Advances in technology and equipment have allowed commercial HVAC maintenance specialists to more accurately diagnose issues before they become more serious and costly to resolve. Diagnostics can be made more efficiently regarding air handlers, pumps, chillers, and variable air volume boxes (also known as VAV boxes.) By analyzing system databases, it is easier to detect the root source of equipment issues before the problems get out of hand. This results in issues being resolved quickly and often more inexpensively than if the problem was left unresolved. HVAC systems can now be controlled by sensors which can also dictate and monitor fire alarm systems, emergency air handlers and lighting systems, as well as security and access control systems.
One sensor being in charge of all these facets of an HVAC system can be very valuable for risk management and emergency planning. In the case of a sensor failing during an emergency, it will be unable to control any of the interoperable tasks, and planning should be done for this scenario. “Smart” buildings now even have HVAC override controls integrated into their IT networks. This allows an entire building’s system to be controlled from one computer, which has several advantages. One of these advantages over conventional HVAC setups is that the equipment’s performance can be analyzed with the computer, tipping off the viewer to malfunctions or energy waste.
Even for the most advanced HVAC systems, maintenance is necessary. Commercial HVAC maintenance needs to be performed regularly in order to prevent small issues from growing into larger and more costly problems. There are several issues which may arise as a result of poor commercial air conditioning maintenance. Outdoor condenser coils should be checked for damage and thoroughly cleaned. If the outdoor condenser coil is dirty it can result in higher compressor temperatures and pressure levels which can increase energy consumption. Dirty evaporator or indoor cooling coils can result in a less efficient HVAC system. In addition to decreasing energy efficiency, improperly draining coils can lead to water leakage and result in the compressor failing.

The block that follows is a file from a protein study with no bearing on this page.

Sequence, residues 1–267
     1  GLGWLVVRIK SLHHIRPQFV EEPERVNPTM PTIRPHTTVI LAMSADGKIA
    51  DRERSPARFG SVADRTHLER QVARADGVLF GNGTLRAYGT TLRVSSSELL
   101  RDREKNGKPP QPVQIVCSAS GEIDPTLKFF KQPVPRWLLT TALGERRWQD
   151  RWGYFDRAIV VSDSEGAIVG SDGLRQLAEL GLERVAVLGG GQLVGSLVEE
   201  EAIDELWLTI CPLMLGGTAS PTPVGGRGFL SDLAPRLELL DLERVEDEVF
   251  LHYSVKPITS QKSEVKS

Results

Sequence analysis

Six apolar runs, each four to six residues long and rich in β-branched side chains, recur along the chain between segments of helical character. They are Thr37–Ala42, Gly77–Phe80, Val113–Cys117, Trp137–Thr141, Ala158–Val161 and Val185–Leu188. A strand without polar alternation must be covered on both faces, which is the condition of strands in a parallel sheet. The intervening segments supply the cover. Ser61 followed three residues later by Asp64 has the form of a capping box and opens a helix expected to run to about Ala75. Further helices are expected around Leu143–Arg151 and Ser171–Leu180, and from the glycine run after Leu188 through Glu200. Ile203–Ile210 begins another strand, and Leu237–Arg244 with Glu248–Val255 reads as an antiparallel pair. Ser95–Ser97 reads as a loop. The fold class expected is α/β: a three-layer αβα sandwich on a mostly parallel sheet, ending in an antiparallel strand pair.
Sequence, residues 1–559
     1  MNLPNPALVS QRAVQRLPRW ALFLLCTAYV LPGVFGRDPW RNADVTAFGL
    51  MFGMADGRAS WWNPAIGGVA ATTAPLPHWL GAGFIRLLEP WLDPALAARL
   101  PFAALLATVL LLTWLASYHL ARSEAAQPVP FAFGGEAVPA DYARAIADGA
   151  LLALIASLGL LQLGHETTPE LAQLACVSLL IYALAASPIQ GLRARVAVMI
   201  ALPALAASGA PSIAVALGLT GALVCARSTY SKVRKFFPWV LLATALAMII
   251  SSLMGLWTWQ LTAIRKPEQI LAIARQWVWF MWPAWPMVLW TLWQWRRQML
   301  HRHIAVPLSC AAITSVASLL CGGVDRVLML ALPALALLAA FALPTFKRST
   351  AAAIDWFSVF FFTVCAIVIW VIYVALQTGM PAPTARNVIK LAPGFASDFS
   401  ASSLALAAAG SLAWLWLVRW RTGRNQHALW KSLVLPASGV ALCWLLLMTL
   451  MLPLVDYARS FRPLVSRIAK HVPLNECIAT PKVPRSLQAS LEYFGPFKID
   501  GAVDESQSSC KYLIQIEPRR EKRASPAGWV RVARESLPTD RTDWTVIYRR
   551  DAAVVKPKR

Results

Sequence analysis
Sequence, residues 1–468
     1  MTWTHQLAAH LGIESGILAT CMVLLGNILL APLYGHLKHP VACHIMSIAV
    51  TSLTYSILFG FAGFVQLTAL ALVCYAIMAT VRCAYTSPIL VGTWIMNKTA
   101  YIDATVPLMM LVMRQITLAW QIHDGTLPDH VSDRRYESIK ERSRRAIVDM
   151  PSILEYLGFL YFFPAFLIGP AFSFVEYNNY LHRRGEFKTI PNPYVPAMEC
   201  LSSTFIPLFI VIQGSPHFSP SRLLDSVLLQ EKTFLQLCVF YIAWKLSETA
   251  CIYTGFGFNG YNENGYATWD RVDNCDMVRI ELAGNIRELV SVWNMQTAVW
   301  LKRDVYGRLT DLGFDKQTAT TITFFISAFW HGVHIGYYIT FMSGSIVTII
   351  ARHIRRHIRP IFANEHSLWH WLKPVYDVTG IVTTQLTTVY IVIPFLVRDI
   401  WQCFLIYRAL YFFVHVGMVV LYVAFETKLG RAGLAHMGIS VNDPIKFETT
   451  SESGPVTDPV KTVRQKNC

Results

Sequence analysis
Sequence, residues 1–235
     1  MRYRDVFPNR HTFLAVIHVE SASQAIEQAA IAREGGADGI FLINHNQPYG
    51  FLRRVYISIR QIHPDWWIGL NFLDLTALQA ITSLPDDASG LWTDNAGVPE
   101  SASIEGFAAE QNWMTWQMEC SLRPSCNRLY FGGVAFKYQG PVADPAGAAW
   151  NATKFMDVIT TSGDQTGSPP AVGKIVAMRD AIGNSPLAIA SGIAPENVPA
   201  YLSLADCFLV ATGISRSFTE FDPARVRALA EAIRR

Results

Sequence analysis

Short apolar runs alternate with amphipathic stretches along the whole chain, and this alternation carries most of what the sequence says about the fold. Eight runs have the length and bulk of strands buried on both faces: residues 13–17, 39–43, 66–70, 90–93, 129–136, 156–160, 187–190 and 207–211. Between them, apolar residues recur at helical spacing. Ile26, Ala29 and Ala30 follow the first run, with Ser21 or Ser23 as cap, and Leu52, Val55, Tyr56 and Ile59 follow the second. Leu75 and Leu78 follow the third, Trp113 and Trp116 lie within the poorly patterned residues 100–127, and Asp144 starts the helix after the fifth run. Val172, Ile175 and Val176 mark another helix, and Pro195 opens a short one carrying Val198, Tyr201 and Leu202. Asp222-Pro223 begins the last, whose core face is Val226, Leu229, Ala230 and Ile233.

Filters should be changed each time commercial HVAC maintenance is performed in order to improve air flow, allow the HVAC system to function using less energy, and help prolong the life of the commercial air conditioning system’s compressor. Loose or old pulley systems can cause energy to be wasted by encouraging low air flow levels. If the HVAC system’s belt is not adjusted correctly it can result in failure of both motors and bearings. Air conditioning service specialists should lubricate motor bearings and blower bearings in order to minimize the amount of energy needed to have the system run. Having properly lubricated bearings can also prolong the life of the system and avoid expensive repairs. Condensate drain pans, traps, and piping which are clogged, dirty, or covered with debris can lead to water leakage and damaged HVAC systems requiring commercial HVAC maintenance. Thermostats which have not been properly calibrated can result in less comfortable indoor air, increased energy use due to longer running time, and decreased overall system efficiency.